SDL:Tutorial:Using SDL net

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Using SDL_net

This tutorial introduces the use of networking in your application, using the SDL_net library. Knowledge of BSD Sockets is recommended before starting with this tutorial.

Using TCP

If you need a reliable - but slow - connection, TCP fit your needs: this protocol is connection oriented - that is: you connect to a host, and transfer data using a socket. Data will arrive at the destination in order and will not be corrupted. In games, TCP is used mostly when you don't need a fast connection, since TCP can really slow down communications, but when you need to be sure that data arrives in order, and is not corrupted (in this case, UDP isn't the best choice).

In this simple client-server example, we do the following:

Server side
  1. Initialize SDL_net library
  2. Set a port to listen on
  3. Open a socket bound to that port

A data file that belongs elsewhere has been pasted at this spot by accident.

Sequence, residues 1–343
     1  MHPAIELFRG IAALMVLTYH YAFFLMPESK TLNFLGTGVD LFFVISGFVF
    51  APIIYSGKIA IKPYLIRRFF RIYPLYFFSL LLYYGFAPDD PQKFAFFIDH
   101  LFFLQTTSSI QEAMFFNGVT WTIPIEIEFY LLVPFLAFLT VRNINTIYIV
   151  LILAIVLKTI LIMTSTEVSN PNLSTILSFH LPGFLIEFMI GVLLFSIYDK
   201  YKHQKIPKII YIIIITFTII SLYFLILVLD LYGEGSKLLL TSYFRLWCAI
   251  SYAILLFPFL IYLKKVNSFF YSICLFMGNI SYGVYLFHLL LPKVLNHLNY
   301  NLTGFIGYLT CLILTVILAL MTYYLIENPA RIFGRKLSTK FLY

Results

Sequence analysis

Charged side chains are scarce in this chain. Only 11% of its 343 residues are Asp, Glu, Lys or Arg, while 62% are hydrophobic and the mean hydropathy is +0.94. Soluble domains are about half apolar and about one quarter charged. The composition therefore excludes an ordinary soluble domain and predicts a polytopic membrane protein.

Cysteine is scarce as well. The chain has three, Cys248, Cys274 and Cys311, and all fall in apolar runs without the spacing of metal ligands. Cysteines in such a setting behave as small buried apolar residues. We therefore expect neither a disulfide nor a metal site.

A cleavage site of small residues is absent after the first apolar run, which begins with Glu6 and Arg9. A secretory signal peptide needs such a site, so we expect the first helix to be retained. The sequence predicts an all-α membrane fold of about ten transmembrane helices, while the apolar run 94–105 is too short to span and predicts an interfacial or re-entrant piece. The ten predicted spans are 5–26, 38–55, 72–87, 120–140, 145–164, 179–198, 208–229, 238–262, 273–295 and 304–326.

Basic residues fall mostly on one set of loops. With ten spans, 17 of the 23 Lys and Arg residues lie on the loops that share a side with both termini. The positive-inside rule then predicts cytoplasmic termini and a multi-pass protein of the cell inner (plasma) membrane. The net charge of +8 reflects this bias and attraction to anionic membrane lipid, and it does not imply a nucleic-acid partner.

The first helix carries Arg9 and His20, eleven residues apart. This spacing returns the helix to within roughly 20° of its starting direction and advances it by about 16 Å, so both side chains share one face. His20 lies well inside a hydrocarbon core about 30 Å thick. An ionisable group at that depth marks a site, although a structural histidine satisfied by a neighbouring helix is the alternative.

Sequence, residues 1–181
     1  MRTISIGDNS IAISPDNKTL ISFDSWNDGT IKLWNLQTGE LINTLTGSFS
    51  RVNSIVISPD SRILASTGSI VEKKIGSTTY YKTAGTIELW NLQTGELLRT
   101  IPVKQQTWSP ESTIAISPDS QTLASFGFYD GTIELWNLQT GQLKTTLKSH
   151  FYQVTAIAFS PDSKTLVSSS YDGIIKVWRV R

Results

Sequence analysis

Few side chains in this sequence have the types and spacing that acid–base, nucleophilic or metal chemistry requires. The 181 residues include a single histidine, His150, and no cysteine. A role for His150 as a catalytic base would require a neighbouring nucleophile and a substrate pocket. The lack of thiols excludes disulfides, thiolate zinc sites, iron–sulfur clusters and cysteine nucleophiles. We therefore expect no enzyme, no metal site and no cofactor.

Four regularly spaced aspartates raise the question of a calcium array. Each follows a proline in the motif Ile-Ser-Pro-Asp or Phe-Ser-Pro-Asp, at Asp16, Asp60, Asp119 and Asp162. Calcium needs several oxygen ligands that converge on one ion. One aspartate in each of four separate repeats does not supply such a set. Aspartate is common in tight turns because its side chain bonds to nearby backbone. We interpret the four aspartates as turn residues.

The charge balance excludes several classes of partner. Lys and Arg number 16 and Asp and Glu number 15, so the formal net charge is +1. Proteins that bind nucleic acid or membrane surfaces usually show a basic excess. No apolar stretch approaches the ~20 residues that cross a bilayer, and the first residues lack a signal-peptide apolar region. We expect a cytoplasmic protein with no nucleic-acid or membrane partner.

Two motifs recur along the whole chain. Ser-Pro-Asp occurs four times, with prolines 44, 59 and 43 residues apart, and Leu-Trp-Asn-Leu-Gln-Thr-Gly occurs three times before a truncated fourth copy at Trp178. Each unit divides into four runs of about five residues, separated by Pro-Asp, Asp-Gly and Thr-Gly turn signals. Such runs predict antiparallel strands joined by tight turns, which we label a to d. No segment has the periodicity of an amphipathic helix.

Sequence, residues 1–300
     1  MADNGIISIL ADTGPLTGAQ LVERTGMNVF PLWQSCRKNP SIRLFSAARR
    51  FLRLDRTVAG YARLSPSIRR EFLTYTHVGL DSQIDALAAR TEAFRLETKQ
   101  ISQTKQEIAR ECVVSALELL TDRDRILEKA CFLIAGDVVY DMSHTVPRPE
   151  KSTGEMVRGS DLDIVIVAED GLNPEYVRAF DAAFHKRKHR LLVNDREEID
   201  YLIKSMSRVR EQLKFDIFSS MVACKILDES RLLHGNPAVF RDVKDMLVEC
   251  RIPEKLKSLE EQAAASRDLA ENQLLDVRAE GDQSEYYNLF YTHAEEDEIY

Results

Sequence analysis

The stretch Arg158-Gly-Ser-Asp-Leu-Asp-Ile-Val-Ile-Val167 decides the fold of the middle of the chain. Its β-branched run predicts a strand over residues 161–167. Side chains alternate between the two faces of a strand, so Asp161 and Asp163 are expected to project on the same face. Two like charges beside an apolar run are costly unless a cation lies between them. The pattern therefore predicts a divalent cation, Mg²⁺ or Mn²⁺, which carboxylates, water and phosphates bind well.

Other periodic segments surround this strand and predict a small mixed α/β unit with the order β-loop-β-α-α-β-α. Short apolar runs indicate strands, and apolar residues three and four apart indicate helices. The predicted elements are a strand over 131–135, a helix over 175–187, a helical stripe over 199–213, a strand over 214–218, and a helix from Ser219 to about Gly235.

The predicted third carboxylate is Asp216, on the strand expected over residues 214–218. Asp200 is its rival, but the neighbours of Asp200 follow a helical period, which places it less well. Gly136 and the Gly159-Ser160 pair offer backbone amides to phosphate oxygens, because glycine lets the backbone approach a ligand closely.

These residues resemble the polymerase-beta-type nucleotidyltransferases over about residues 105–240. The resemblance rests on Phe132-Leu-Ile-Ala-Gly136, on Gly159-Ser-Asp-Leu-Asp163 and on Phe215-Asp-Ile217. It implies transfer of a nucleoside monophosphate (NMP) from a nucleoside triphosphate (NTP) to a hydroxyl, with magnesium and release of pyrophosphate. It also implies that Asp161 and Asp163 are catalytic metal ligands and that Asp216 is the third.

4. Accept a connection
  5. Receive data
  6. Do something with the data
  7. Clean and quit
Client side
  1. Initialize SDL_net library
  2. Resolve the server address
  3. Open a socket
  4. Read data from the user
  5. Send the data
  6. Clean and exit

If you are experienced with sockets, you'll find that SDL_net is easier to manage.

After accepting the connection, we get some info about the host. This is optional, written here just for the sake of this tutorial.

Note also that this server accepts and manages only one connection at time, but of course you can use these techniques to manage many connections together (i.e. using threads).

Code

Here's the server code, with a compilation script included in the header:

#if 0
#!/bin/sh
gcc -Wall `sdl-config --cflags` tcps.c -o tcps `sdl-config --libs` -lSDL_net
 
exit
#endif
 
#include <stdio.h>
#include <stdlib.h>
#include <string.h>
 
#include "SDL_net.h"
 
int main(int argc, char **argv)
{
	TCPsocket sd, csd; /* Socket descriptor, Client socket descriptor */
	IPaddress ip, *remoteIP;
	int quit, quit2;
	char buffer[512];
 
	if (SDLNet_Init() < 0)
	{
		fprintf(stderr, "SDLNet_Init: %s\n", SDLNet_GetError());
		exit(EXIT_FAILURE);
	}
 
	/* Resolving the host using NULL make network interface to listen */
	if (SDLNet_ResolveHost(&ip, NULL, 2000) < 0)
	{
		fprintf(stderr, "SDLNet_ResolveHost: %s\n", SDLNet_GetError());
		exit(EXIT_FAILURE);
	}